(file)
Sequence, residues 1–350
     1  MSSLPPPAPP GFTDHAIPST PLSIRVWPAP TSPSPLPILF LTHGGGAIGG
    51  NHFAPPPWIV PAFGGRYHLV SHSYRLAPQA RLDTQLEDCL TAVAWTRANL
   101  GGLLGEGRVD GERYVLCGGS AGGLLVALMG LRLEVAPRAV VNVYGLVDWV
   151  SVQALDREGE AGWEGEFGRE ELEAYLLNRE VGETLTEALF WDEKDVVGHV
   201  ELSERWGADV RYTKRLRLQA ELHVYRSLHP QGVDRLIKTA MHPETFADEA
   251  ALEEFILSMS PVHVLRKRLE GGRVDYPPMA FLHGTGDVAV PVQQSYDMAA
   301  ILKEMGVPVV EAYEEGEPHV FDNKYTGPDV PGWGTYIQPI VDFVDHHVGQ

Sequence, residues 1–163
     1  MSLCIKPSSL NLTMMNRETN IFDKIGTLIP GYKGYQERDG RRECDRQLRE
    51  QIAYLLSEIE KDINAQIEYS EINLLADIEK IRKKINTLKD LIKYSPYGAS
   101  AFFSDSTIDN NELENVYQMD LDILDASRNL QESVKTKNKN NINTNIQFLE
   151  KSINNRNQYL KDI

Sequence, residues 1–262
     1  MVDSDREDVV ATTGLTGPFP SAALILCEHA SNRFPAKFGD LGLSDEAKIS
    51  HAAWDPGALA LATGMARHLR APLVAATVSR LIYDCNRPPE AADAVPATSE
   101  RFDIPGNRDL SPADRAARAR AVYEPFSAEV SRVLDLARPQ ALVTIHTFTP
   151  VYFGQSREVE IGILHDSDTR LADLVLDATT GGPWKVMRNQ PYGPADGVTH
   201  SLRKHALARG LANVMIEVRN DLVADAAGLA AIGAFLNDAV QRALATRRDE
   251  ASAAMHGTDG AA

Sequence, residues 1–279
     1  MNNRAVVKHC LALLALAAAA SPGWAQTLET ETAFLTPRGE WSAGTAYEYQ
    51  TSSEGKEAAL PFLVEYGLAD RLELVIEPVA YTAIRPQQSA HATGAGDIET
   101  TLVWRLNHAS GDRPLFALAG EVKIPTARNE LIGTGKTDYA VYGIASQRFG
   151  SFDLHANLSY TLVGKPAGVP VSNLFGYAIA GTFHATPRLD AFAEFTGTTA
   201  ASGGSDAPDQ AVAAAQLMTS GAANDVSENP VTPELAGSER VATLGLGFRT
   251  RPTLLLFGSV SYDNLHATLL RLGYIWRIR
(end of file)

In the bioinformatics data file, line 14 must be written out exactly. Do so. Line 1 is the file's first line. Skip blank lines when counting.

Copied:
Sequence, residues 1–262